* the end result is that no trial will go ahead today. But not to worry, this is a legal aid case so I will get paid….oh, hang on a minute, I only get paid for advocacy now, and not attendance, and there was no advocacy. So that is nil £ for me today, but I’m not sure it would have made a difference anyway, the Legal Aid Authority doesn’t seem to be paying bills at the moment. My last communication from them was 8 weeks ago, relating to a case which was finished over a year ago and which had to go for adjudication of fees. I was notified that after a year the adjudicator had made a decision, but there weren’t enough staff at the Legal Aid Authority to type it up and approve the payment, and therefore they would get back to me when they could…. I am not holding my breath on that one!
*but at least my travel to court will be paid? Ah.. Back to the adjudication, apparently taking the train to court at the cost of £8.40 return and a journey of 45 minutes each way is not very ‘efficient’ when I could get a bus for £2.60 return, and it only takes 2 hours each way. Hence, the adjudication was to cut my travel costs by £5.80, and I am sure that the time spent by the adjudicator and the Legal Aid Authority staff ( when they finally get to my claim) will have been worth the £5.80, although let’s face it, if they spend more than 10 minutes on the adjudication they will be working at a loss.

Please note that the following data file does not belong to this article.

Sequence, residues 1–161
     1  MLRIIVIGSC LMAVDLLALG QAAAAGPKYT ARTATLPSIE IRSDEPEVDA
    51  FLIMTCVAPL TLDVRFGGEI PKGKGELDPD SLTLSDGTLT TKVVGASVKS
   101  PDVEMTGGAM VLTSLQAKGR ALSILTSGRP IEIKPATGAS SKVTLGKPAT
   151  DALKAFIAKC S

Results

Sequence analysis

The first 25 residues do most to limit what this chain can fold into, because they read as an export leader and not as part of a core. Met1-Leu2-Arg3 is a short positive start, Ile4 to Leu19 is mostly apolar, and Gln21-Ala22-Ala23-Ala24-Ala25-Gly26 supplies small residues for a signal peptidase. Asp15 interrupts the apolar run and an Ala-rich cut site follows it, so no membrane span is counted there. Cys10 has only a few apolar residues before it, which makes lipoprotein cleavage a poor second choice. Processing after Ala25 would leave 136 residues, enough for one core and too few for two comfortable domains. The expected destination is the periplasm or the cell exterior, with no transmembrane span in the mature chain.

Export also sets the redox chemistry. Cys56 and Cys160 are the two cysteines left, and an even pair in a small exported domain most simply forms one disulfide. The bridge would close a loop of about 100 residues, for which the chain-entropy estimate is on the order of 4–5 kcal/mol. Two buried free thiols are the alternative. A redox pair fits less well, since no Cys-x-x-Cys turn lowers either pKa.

All the while, the Government which is telling us we must be more ‘efficient’ and that those of us working in the criminal justice system are to blame, is wasting a vast amount of money on a Public Defender Service, which is not wanted or needed, but which is an example of the Lord Chancellor and the Ministry of Justice throwing their toys out of the pram when those in the criminal justice system fight back against the cuts.
I am a criminal lawyer and always will be, and I am a fighter, but this Government is consistently knocking me down and I fear that soon I and all the others who have made a career within the criminal justice system will no longer have the fight to get back up. I am in a very fortunate position, I am self employed, and I know that the solicitors who instruct me will not refuse to do so anymore on the basis of this blog. Many of my colleagues in the criminal justice system are not so lucky, whistleblowing policies seem to be a waste of paper. Those in the police, CPS and Court Service who are speaking out are finding themselves disciplined or sidelined, living in fear that if they speak out they may no longer be able to afford their rent or their mortgage. The bosses who are supposed to protect them are so ‘efficiency’ target driven that the implied term of trust and confidence only seems to exist in the employee/employer relationship and not the other way round.
I’m not looking for sympathy, just that those of us in the criminal justice system continue our fight, and support each other, as that is the only way we will prevent the implosion of the criminal justice system and ensure at least a certain amount of justice for those who are unfortunate enough to become part of it.
Courtesy of Alison Gurden